News 2/4/11

In an effort to increase user adoption, The Agency for Healthcare Research and Quality (AHRQ) will interview experts from 15 industries outside of healthcare to try to garner best practices and recommendations for developing consumer health IT tools. AHRQ will then provide those recommendations to vendors to hopefully create more user-friendly consumer facing tools. I think creating meaningful incentives for consumers might also increase adoption rates.


With this AHRQ news comes a timely announcement from Massive Health, a San Francisco startup, that it has secured $2.25 million in investment to build mobile applications to help patients suffering from chronic diseases. The company is somewhat vague on what it will specifically develop, but the core team brings a good amount of user experience and interface know-how from other industries. The article made Massive sound like Healthrageous, but I’m not sure if this is accurate or not.


Speaking of Healthrageous and incentives, the company has a new white paper which lays out four key design principles for creating effective incentive programs to change behavior and improve health. The link from the blog post to the actual white paper didn’t work for me, but the post sums up the principles, which are: 1) reward behavior change and support continuous achievement; 2) ensure objective validation; 3) complement with intrinsic motivations; and 4) secure user input, evaluate, and change course as needed.

As I mentioned earlier this week in reference to Epocrates, all graduating med students rely on smart phones for clinical rotations. This article talks about nursing students increasingly relying on smart phones as well for access to reference materials and other necessary repositories of data.


Another personalized mobile health service that uses incentives, Vitality Personal Pathways, announces the release of an iPhone app, Vitality Activity Tracker.  The mobile app tracks activity by GPS and WiFi, uploading the data to member accounts  Vitality provides incentives, by way of the Vitality Mall, for meeting certain personalized milestones and targets.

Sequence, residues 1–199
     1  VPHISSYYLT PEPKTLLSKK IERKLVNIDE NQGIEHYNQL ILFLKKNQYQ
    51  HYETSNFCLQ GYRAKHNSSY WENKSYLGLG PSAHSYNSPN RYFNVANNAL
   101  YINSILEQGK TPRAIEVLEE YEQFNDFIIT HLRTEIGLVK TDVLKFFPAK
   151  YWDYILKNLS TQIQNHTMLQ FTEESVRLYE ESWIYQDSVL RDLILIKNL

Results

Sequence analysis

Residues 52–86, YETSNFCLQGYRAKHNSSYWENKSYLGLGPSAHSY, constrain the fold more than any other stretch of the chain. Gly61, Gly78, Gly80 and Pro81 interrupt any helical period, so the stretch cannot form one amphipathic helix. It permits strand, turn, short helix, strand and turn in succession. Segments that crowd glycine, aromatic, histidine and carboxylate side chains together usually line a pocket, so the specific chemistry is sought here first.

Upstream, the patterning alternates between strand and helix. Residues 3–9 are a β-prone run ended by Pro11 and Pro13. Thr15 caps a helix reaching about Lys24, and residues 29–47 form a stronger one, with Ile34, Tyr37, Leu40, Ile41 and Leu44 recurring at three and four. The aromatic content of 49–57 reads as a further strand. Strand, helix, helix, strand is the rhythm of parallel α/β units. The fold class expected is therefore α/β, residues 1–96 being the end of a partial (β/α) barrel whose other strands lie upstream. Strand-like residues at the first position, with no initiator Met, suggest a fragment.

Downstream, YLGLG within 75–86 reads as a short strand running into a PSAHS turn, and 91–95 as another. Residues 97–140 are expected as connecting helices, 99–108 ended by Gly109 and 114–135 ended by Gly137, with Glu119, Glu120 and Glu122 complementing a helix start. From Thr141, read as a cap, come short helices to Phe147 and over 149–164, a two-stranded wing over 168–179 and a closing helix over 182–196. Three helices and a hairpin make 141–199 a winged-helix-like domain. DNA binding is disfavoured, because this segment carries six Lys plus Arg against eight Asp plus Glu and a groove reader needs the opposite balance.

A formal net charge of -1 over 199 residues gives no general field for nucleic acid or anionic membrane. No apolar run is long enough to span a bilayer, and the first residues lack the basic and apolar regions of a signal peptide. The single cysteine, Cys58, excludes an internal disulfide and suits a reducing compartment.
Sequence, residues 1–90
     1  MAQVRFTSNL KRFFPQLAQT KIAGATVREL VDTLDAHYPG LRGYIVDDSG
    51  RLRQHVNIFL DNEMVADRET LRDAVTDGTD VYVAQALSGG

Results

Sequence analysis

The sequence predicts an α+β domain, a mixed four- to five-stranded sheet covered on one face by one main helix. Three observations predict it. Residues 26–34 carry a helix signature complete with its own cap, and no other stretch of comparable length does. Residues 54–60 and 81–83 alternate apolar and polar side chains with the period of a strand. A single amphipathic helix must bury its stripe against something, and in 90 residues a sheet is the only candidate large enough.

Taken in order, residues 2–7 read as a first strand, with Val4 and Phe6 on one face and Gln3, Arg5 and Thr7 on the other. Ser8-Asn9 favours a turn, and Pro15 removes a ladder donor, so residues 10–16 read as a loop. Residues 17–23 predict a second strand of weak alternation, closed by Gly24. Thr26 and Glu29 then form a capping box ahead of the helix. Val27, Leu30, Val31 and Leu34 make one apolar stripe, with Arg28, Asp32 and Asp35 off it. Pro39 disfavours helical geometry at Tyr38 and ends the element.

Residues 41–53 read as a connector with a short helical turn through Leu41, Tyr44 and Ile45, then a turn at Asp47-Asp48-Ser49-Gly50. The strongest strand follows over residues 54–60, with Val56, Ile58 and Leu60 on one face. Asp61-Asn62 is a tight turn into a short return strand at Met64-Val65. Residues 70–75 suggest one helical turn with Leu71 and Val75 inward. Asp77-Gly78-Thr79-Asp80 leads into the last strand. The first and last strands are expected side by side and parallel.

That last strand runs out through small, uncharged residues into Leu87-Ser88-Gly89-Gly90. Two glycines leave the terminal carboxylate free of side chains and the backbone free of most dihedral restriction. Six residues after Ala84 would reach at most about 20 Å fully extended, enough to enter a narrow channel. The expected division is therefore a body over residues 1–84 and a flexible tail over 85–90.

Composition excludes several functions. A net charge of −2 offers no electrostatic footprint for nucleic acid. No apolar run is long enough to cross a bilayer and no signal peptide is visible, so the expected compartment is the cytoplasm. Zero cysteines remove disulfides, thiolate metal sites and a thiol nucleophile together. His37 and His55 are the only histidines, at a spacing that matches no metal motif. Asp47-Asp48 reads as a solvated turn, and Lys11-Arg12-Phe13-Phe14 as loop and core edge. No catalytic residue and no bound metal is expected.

pMDsoft updates its mobile charge capture app so that users can now seamlessly transition between an iPad and iPhone, with updates automatically reflected between the devices. Charge capture, along with CPOE, is predicted to be one of the main features that will increase adoption of mobile technology by clinicians in the future. Today, adoption is mostly driven by data access.

The clinical decision support system Isabel, which can be integrated into an EMR, will soon be available on Apple and Android mobile devices.


Epocrates officially announces IPO pricing with 5,360,000 offered at $16/share. Epocrates provides mobile reference tools to clinicians.    

Integris Health (OK) is another health provider that is getting USDA telemedicine money. The grant to Integris is meant to provide education and expand health services to rural communities, specifically speech therapy and telestroke.

Doctor’s Express of Dallas, an urgent care facility, signs with Healthagen for premium location listings in Healthagen’s iTriage mobile app. Another urgent care provider, Lourdes After Hours (LA), also announces a partnership with Healthagen. iTriage provides symptom checking and facility information.


NorthShore University Health Systems (IL) has two iPhone apps geared towards patients. One provides facility information and the ability to call facilities from the app while the other is MyChart, from Epic, which provides patients access to portions of their medical records.

In the battle for tablet supremacy, Apple’s iPad is winning on fronts other than coolness. A recent study finds that the iPad had a 2% return rate while 13% of Samsung Galaxy customers were returning their devices.           

Travis Good is in his final year of an MD/MBA program and is involved with multiple health IT startups.

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